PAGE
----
Editorials

Blue lives again come to the rescue of our lives

Two boys during the National Law Enforcement Officers Memorial Fund’s Annual Candlelight Vigil on May 13, 2015, in Washington, D.C.
Two boys during the National Law Enforcement Officers Memorial Fund’s Annual Candlelight Vigil on May 13, 2015, in Washington, D.C. AP

Sometimes we are pulled back from the brink by a slender thread, sometimes by a canvas strap.

On Friday morning two workers in Shiloh were using a concrete saw, there was a puddle and somehow the water came into contact with live current. One worker was shocked, became unconscious and stopped breathing. The second tried to pull the first to safety, but was also shocked and couldn’t rescue him.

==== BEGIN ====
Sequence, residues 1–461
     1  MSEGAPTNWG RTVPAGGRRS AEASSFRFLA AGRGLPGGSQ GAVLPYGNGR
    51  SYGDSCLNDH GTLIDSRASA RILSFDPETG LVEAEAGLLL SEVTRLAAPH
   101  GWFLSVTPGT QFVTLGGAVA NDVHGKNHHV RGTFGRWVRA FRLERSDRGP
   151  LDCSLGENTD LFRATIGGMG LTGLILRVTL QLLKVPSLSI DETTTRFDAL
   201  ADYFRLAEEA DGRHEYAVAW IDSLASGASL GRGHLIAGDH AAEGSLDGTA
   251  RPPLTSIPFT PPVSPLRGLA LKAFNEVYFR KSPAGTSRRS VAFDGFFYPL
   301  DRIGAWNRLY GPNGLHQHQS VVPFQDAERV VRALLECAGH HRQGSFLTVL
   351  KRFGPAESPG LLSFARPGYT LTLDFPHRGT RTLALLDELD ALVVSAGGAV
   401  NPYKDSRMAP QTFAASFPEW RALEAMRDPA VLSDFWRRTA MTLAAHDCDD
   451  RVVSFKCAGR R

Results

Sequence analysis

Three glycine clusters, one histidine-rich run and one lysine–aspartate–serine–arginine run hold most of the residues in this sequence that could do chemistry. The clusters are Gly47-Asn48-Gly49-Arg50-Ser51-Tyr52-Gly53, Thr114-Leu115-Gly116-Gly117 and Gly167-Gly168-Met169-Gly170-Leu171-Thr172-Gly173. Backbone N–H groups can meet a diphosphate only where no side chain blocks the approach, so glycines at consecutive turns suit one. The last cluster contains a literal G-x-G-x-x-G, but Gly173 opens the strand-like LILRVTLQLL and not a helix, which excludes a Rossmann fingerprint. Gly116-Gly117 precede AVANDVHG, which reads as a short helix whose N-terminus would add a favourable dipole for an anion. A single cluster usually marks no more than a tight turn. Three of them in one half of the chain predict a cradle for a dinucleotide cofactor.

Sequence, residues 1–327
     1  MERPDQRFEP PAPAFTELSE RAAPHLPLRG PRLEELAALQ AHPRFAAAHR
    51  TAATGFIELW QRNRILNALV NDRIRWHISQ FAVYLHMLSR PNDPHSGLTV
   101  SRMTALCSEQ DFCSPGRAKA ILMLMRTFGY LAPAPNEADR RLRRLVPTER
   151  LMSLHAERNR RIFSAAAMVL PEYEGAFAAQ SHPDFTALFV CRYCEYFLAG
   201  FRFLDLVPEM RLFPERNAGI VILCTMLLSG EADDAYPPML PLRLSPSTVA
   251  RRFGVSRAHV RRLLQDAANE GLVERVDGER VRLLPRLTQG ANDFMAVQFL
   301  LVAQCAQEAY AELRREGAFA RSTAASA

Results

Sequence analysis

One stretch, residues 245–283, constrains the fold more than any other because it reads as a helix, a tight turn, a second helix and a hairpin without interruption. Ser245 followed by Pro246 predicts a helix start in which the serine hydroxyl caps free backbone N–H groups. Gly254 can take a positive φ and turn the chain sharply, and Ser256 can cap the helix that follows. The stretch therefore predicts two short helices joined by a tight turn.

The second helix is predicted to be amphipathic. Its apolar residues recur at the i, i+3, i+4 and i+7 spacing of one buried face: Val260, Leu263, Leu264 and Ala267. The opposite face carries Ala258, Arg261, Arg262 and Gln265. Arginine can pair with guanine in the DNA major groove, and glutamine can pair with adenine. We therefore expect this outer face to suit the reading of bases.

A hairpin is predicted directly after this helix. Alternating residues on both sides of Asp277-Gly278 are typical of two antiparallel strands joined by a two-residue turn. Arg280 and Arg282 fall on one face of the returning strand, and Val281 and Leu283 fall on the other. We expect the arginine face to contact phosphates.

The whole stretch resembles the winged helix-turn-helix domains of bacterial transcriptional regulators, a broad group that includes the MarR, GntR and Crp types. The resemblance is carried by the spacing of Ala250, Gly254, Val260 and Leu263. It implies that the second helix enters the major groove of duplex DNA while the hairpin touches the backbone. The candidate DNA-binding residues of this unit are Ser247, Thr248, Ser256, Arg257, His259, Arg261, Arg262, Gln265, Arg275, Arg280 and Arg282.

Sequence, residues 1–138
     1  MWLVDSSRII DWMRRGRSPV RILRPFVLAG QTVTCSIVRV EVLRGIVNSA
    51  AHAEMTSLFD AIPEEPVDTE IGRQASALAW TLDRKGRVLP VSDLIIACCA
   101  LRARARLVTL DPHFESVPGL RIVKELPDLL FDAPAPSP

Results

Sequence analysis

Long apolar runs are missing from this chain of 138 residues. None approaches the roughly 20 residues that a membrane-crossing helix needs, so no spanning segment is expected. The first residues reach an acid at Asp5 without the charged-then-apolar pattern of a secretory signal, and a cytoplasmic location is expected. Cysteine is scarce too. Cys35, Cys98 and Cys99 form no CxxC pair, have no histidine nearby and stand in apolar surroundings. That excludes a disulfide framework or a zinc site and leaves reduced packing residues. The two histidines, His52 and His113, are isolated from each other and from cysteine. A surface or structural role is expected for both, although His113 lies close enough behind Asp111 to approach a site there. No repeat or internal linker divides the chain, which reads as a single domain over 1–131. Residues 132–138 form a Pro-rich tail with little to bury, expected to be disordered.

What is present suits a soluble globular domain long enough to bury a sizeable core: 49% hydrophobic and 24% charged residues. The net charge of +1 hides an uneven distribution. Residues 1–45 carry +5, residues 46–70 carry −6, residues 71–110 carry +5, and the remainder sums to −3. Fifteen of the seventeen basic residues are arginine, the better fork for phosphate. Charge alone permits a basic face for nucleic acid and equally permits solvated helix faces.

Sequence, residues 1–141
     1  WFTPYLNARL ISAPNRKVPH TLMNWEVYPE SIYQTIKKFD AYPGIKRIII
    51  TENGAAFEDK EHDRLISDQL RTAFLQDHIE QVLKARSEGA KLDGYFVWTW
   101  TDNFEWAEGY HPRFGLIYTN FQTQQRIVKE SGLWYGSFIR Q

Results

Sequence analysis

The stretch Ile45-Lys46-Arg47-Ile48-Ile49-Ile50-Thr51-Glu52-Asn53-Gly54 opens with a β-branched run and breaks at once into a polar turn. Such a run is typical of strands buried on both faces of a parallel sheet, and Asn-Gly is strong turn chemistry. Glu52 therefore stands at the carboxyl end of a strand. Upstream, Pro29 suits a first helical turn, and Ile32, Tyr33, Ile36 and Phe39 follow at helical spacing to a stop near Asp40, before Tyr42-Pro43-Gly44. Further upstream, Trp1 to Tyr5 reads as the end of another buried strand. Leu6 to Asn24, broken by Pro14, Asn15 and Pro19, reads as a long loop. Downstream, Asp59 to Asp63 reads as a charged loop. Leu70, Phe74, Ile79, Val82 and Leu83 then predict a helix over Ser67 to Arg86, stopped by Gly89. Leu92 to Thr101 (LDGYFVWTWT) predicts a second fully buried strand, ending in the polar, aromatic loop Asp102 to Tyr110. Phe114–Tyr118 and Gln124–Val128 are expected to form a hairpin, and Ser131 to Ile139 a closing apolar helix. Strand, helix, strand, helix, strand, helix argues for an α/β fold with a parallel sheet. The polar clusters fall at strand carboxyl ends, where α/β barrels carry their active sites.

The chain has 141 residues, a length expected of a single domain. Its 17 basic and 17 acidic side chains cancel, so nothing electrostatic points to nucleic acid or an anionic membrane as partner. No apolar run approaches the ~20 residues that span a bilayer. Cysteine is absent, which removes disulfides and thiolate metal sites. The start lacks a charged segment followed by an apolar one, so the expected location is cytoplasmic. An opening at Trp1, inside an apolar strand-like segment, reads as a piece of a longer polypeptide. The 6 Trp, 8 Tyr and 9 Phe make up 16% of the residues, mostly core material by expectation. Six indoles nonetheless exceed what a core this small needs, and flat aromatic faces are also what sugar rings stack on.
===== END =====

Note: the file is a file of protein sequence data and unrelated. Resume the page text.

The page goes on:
It was fortunate that the accident was next to the Shiloh Police station. Two officers rushed over, used a canvas strap to pull the worker to safety and then used a defibrillator to revive him.

One shock almost took his life, then another revived him.

“In my opinion, if my two officers had not used the professional training they received, I don’t believe the victim would have survived until our ambulance got there,” Shiloh Police Chief Jim Stover said. “It was a challenge to get him out from where he was, but everyone worked together.”

Officer Brad Blake pulled the worker out. Officer Mark Geyer performing chest compressions to get him breathing. Blake used the defibrillator and the victim was breathing by the time the ambulance got there.

Yes, this is the second time in a week that there has been occasion to say it, but it is worth repeating: Thank you to the people who choose to risk their lives to save ours.

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